The unfolding digital universe, known as the metaverse, is being shaped by two distinct approaches: a decentralized path powered by blockchain technology, and a centralized one driven by major corporations. This analysis delves into the unique facets and potential pitfalls of each approach.
There are two main paths to the metaverse — two rabbit holes, to keep with our leading quote. One is the “decentralized” metaverse that is powered by tokens, and one is the “centralized” metaverse that is built by corporations, some of which are publicly traded. Each has its own advantages and disadvantages, which you’ll read in this report.
In a nutshell, the centralized metaverse is built in a very similar way to Web2, with corporations owning the rails, the marketplaces and the data, but can easily offer a streamlined user experience. There’s little wonder that both Microsoft and Meta are heavily invested in the space. Microsoft can bring games know-how (Xbox) and now artificial intelligence (AI) power (Bing, OpenAI) to the table, while Facebook already has users interacting avatar to avatar in some way.
The decentralized champions are Decentraland with its native MANA token and The Sandbox, native token SAND. These platforms feature virtual worlds where users can build their homes and rent, sell or transact in any other way without asking for permission, or being at risk of censorship or sudden account locks by developers. One of the strongest points for decentralized offerings is the ability for users to “own” their in-game items on-chain. As long as users do not lose access to their wallets, no one else can take these away.
Decentralized platforms also tend to espouse open standards and composability. This gives users the ability to trade characters and in-game items on open marketplaces without needing consent by developers. Finally, cryptocurrencies offer perfect payment rails for users, and developers building on top of Ethereum or Avalanche get secure transfers, exchanges and wallet technology out of the box, for free.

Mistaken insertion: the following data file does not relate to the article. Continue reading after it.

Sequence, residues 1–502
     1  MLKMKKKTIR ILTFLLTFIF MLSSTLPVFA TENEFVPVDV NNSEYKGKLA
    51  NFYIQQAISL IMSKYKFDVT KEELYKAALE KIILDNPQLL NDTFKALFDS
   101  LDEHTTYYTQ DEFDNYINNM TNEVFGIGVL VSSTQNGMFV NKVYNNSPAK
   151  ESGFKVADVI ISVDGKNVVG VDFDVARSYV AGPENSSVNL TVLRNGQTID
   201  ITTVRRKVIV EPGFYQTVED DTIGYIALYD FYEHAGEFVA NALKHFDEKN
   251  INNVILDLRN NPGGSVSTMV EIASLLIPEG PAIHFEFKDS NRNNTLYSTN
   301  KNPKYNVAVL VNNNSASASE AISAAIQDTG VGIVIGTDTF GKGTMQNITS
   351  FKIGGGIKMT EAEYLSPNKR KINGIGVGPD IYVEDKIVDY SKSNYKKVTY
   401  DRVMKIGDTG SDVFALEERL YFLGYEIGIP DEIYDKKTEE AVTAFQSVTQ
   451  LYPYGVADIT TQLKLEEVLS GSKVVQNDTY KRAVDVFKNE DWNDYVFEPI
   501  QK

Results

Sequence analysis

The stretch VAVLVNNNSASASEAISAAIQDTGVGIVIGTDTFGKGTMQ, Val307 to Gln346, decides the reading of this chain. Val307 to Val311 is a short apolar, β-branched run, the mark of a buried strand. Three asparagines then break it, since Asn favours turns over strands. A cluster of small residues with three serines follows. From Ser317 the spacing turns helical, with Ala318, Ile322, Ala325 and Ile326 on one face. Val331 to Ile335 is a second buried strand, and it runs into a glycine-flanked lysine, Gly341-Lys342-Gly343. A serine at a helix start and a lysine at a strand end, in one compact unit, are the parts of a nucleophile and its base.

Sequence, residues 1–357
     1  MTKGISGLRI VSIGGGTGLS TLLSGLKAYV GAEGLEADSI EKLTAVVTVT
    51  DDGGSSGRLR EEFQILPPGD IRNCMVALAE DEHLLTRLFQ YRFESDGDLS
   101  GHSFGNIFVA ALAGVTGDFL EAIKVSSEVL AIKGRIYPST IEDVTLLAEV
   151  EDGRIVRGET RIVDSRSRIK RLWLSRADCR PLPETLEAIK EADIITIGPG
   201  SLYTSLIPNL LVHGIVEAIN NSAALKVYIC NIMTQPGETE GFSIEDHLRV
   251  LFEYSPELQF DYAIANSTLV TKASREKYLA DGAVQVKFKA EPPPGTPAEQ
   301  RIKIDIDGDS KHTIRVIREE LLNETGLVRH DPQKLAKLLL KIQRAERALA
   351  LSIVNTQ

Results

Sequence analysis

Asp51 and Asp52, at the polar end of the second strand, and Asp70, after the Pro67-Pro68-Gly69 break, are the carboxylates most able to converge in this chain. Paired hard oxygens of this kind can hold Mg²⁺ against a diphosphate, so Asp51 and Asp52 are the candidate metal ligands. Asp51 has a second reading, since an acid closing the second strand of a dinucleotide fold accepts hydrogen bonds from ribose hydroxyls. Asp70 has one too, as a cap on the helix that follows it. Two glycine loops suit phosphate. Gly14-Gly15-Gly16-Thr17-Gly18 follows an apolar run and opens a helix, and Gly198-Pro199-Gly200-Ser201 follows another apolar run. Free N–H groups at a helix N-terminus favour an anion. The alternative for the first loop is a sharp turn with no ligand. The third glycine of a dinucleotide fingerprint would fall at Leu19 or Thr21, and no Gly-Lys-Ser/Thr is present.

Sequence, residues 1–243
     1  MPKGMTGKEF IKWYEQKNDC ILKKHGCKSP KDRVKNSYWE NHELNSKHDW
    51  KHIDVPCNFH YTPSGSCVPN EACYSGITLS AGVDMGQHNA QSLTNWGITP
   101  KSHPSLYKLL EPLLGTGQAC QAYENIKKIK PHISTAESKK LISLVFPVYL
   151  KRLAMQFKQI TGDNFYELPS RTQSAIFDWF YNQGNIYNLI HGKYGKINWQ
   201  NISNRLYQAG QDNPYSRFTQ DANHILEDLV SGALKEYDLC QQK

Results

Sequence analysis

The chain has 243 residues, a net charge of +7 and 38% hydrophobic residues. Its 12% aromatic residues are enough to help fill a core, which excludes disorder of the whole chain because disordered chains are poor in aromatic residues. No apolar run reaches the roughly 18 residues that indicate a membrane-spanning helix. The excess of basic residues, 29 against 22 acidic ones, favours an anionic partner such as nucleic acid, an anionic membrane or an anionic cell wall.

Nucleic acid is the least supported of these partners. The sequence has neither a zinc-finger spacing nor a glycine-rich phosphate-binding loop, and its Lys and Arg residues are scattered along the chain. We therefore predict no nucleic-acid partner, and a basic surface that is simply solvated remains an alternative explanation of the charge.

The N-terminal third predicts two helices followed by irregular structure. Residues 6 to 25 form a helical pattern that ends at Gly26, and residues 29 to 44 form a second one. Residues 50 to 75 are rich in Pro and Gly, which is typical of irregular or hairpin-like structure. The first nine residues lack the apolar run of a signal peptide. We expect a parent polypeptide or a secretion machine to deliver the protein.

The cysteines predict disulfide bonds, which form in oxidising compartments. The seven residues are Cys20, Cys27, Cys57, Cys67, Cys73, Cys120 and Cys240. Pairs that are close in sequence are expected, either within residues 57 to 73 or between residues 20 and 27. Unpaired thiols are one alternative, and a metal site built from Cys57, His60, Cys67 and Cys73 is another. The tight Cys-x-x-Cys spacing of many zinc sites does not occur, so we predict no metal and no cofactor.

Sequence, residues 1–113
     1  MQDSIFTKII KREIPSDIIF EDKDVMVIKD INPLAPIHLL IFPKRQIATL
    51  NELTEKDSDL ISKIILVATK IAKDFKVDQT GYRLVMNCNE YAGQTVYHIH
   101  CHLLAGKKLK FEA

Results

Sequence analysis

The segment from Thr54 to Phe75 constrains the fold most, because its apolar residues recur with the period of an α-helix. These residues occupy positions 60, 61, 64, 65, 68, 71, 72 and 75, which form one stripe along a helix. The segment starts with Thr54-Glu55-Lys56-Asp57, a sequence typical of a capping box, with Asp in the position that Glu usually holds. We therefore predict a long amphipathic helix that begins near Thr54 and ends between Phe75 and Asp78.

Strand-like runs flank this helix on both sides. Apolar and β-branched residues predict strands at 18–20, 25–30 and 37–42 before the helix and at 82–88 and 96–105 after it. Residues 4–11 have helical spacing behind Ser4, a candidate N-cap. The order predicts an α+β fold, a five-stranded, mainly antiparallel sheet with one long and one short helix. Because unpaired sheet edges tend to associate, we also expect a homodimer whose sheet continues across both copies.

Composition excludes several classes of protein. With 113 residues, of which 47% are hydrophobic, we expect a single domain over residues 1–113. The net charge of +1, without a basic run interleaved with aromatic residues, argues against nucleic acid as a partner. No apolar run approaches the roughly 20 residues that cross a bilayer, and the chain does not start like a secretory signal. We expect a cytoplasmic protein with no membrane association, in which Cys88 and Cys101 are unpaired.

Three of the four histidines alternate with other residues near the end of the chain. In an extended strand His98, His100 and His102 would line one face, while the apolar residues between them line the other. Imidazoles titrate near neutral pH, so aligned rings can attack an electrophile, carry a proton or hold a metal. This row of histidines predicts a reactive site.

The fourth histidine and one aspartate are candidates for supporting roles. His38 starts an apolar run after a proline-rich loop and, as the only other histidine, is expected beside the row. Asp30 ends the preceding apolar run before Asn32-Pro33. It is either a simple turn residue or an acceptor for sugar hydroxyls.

In Web3, composabilty refers to the way in which open standards enable users to combine different technologies without asking authors for permission. One example would be the way nonfungible token (NFTs) can be “fractionalized.” A developer can deposit their NFT into a smart contract which sells or lends out tiny pieces of that NFT for others to trade or own. The developer doesn’t have to talk to the NFT developers but can use the appropriate standards (ERC-721 and ERC-20 in that case). The fractions are automatically usable in decentralized finance (DeFi) applications if they conform to the standards there. Composability let’s Web3 users create totally new and unforeseen use cases, by themselves, without intermediation.
Both the centralized and decentralized visions of the metaverse offer unique benefits. The centralized model, backed by tech giants such as Microsoft and Meta, delivers a unified user experience. Conversely, the decentralized metaverse, led by platforms like Decentraland and The Sandbox, empowers users with uncensored transaction capabilities and ownership of in-game assets. The flexibility of Web3 allows for the integration of disparate technologies without the need for permission, paving the way for innovative use cases. Grasping these complexities is crucial for understanding the future trajectory of the metaverse.